How Gum Disease Causes Lung Disease
Lung disease like pneumonia, emphysema, bronchitis, and chronic obstructive pulmonary disease (COPD), are the third leading cause of death in the United States.
COPD and emphysema cause the airways to become narrowed which limits air flow in the lungs and causes shortness of breath. Pneumonia is inflammation of the lungs resulting from bacterial or viral infection. These are very serious health risks, particularly in the elderly.
The Link Between Gum Disease And Lung Disease
Recent studies are showing that there is a link between gum disease and lung diseases. This is a significant finding since we know that up to 75% of adults have some level of gum disease (gingivitis and periodontitis).
How Gum Disease Damages Your Lungs
So just how does gum disease relate to COPD and pneumonia? Well, it’s about two things - bacteria and inflammation. First of all, we know that gum disease involves inflammation in the gums, just as pneumonia and COPD involve inflammation in the lungs. The exact mechanism is currently unknown, but it is safe to say they are related through the common denominator of inflammation.
The second part of the equation is the bacteria in the mouth that cause gum disease. When air is inhaled through the mouth, these harmful bacteria can be picked up and transported directly into the lungs where they grow and multiply, leading to pneumonia.
What is even worse is that people who have respiratory ailments, such as COPD, often suffer from weakened immune systems, making it more difficult to eliminate bacteria from the lungs.
Besides being inhaled, mouth bacteria can also enter the blood stream directly through the gum tissues and travel to other parts of the body where they can cause infections in artificial joints, heart valves, arteries, and possibly even damaged lung tissue. In fact, researchers have isolated a number of virulent bacteria from the lungs of people with pneumonia that are normally only found in the mouth.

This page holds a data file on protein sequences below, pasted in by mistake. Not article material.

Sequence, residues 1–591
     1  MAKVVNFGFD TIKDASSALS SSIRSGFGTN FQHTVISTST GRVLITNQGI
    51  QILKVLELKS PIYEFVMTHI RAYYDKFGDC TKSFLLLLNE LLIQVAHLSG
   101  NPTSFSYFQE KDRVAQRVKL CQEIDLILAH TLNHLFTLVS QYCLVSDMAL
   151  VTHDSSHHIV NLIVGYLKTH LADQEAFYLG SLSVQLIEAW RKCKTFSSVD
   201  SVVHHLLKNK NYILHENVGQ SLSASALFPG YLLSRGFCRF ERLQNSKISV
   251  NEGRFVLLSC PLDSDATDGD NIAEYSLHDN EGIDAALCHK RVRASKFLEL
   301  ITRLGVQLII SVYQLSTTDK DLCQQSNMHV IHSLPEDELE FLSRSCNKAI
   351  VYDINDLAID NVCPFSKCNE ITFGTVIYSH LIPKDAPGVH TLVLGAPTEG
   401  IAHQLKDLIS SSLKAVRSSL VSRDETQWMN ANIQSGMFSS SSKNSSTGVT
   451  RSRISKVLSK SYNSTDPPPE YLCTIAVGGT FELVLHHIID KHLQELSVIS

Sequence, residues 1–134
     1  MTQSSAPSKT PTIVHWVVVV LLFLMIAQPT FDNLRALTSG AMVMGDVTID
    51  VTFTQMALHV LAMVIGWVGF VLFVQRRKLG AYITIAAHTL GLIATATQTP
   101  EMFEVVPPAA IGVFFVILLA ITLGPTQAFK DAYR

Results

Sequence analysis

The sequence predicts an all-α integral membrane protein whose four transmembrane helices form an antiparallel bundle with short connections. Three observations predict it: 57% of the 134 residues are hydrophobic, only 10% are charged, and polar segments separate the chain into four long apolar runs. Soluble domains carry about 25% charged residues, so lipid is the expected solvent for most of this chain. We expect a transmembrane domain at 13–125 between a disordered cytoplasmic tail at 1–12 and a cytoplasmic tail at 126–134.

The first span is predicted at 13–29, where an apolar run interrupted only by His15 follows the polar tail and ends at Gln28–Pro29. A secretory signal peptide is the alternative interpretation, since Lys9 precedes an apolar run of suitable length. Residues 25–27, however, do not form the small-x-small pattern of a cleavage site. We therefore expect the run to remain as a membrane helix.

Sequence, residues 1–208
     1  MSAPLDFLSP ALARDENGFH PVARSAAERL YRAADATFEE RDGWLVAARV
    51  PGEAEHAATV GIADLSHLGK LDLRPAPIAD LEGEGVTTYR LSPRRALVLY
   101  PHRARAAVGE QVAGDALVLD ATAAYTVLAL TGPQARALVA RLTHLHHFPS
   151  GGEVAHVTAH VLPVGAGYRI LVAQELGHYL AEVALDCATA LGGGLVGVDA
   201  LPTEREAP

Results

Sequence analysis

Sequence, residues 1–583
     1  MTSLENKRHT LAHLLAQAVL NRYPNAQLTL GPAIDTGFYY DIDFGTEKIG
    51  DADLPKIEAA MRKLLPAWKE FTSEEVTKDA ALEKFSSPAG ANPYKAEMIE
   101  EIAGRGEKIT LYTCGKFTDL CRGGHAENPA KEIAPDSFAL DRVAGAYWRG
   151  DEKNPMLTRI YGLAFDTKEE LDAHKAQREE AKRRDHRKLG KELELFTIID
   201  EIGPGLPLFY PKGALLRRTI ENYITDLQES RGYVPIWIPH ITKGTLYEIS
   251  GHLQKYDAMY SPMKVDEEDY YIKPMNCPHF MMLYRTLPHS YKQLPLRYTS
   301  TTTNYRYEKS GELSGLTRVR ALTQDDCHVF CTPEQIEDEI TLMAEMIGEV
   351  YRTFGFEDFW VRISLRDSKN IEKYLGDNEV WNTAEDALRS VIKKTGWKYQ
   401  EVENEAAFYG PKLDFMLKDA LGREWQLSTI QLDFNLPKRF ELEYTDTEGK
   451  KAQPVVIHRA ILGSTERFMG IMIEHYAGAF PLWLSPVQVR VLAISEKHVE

Studies reveal a direct association between pneumonia risk and the presence of certain strains of bacteria in the mouth. Thus it makes sense that when these bad bacteria in the mouth are controlled, the risk for pneumonia is decreased.
Stop Gum Disease To Save Your Lungs
Lung diseases can be severely disabling and debilitating, and even fatal. By working with your dentist, you may actually be able to prevent or diminish the progression of pneumonia or COPD. This provides yet another example of how periodontal health plays a role in keeping other systems of the body healthy.
While the exact mechanisms are not completely understood, there most definitely is an association between lung disease and gum disease. That’s why anyone with respiratory problems should have a complete oral health examination to determine if gum disease is present.
If you now have gum disease then your risk of a respiratory infection is greater than if you have healthy gums. In either situation it makes sense to take whatever steps are necessary to eliminate gum disease.
Bleeding Gums: The Silent Killer
A 9 video series that shows how gum disease and oral inflammation are damaging your health... and what to do about it.